Includes an audio interview (see below)
There is a constant barrage of press releases from publicists touting album releases, tour appearances, and films. Every so often one catches my attention, most often because its a rock pioneer, such as Alan Parsons, whom I interviewed in October of 2012.
This time, however, it was for an indie artist appearing at one of the local music venues in Chicago. So naturally, I listened to the sample provided by the PR agency, and really liked what I was hearing.
Austin Hartley-Leonard grew up in suburban Chicago, was classically trained in the cello, and parlayed that skill to study the instrument in college. Later, he relocated out west and made the rounds of the singer-songwriter circuit in Los Angeles.
Despite a growing fanbase Hartley-Leonard found himself in what he describes a “very dark place.”
It’s not often that artists can shed their musical skin and completely re-invent themselves, but Austin certainly has. He collaborated with producer Brad Gordon to create a “uniquely atmospheric, retro influenced indie pop-rock sound.”
The result is Broken Anchor, named for one of the early compositions, “Broken Anchor Blues.” The music is lush and layered with a good deal of Phil Spector-like craftsmanship. He says, “I never set out to craft an album like this. I am as surprised as anyone else, considering what I used to play.”
Hartley-Leonard was kind enough to talk about the new band and his music before his appearance at the Empty Bottle in Chicago. When asked about the Southern California influence on his music, he replied, “It’s being in LA, being close to the water. The lifestyle influences the music more than anything else. Living by the water, and being near the beach, and being near the canyons. I’m not over my honeymoon being in LA. I feel lucky to be there when I’m driving up the PCH [Pacific Coast Highway.] It never gets old to me. I’m from Chicago.”
He also favors the comparisons to Wilco, Fleet Foxes, and Animal Collective. “I love those bands,” he notes. “If I could sound like those guys I’d be happy. Those are certainly guys I looked up to. I remember seening Fleet Foxes in a club. I was lucky I got to see them then. You can’t see them in a small venue anymore.”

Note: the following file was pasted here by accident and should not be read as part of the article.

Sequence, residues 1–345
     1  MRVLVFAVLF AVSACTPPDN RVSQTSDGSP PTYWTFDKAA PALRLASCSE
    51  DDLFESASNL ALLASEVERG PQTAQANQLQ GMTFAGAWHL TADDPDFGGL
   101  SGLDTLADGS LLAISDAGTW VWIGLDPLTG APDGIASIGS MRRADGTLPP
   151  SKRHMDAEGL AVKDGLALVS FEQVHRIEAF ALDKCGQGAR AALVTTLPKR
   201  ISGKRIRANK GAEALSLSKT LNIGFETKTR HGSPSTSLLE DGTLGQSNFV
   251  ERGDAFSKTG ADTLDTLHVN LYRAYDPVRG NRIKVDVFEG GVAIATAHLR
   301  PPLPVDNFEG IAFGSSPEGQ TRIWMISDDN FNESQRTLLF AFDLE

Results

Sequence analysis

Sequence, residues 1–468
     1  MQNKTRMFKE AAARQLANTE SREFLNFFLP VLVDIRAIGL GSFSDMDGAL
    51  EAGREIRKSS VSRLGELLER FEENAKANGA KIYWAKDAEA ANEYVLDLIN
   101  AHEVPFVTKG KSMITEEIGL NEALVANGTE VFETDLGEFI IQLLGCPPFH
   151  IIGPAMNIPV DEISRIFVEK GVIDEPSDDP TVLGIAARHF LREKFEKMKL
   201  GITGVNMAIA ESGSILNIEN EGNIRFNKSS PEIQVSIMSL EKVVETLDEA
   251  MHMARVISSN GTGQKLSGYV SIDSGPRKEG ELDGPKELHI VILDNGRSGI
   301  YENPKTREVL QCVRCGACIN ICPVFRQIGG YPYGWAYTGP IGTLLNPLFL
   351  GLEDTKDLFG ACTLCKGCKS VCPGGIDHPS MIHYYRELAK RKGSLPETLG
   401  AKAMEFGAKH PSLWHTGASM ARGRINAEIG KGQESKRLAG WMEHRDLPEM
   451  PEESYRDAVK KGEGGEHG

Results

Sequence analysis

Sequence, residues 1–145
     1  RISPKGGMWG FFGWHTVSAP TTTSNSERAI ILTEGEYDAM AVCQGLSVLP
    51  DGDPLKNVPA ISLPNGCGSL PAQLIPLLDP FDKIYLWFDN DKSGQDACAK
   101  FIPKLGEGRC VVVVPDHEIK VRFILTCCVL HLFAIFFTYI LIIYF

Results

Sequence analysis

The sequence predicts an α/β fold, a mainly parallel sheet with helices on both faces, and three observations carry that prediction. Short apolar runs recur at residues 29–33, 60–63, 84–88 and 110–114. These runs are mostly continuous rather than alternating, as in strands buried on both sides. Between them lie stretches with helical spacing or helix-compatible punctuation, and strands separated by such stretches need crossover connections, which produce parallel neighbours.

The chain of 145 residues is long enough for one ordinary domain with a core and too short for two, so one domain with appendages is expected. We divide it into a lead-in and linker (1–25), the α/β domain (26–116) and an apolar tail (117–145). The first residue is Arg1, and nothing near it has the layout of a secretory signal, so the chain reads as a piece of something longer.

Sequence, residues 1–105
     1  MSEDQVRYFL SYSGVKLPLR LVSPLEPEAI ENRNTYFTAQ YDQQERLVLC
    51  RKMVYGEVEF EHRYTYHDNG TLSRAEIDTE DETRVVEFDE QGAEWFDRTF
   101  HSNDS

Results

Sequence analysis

Hartley-Leonard took a smart approach to his do-over by releasing three EP’s over the past year. “Starting a new project from scratch is tough so I decided by release stuff in little three song EP’s, I’d have something to talk about,” he says.
“Three songs, print them up; ‘Here’s Broken Anchor volume 1.’ No one is ever going to listen to your record from an unknown project, like here’s 12 songs – take a look. No one really has the patience for that anymore. And beyond that, If I had made 12 songs 18 months ago, instead of three songs, those 12 songs I wouldn’t even play anymore. I was still learning about what this sound is and how I was crafting music; how I was writing music, so I was like here’s three. I’m proud of these three, let’s put them out. OK, here’s these four, let’s put them out. Here’s three more, let’s put them out.
“So we had three volumes. And even with that, we don’t play some of those songs anymore. Out of those ten songs, we don’t play three of them anymore. They were really good building blocks and baby steps to the songwriting I’m doing now.”
Armed with his best material, Hartley-Leonard set out for a tour, only to have his drummer/percussionist quit on him.
Undaunted, he hastily rearranged part of the tour and recruited some old Chicago friends to play bass and drums. I would have never guessed that the trio had precious little time to rehearse his current material, he had not told me before the performance. The two sidemen were right in step, and sure sounded like a tight outfit during the forty minute show that night.
The set included a cover of the Harvey Danger song “Flagpole Sitta,” slowed down in a “minimalist” style, very reminiscent of the treatment that Michael Andrews and Gary Jules did of “Mad World” by Tears for Fears. The video is quite engaging.
The best songs are being released as an album called “Fresh Lemonade” later this summer. The standout tracks include the leadoff cut “Always, ” “Dear Diary,” “Never Leave Me Alone,” and “Leave the Light On,” which Hartley-Leonard describes as, “about having an affair. I didn’t want anybody to know, I think she kinda had a thing with someone, and I didn’t know how serious that was. Generally I’m pretty private and I do not like people knowing what I’m doing, so it was a song about that. It was like me driving the long way to get to this gal’s place.”
Here’s the complete audio interview:
YouTube video for Leave the Light On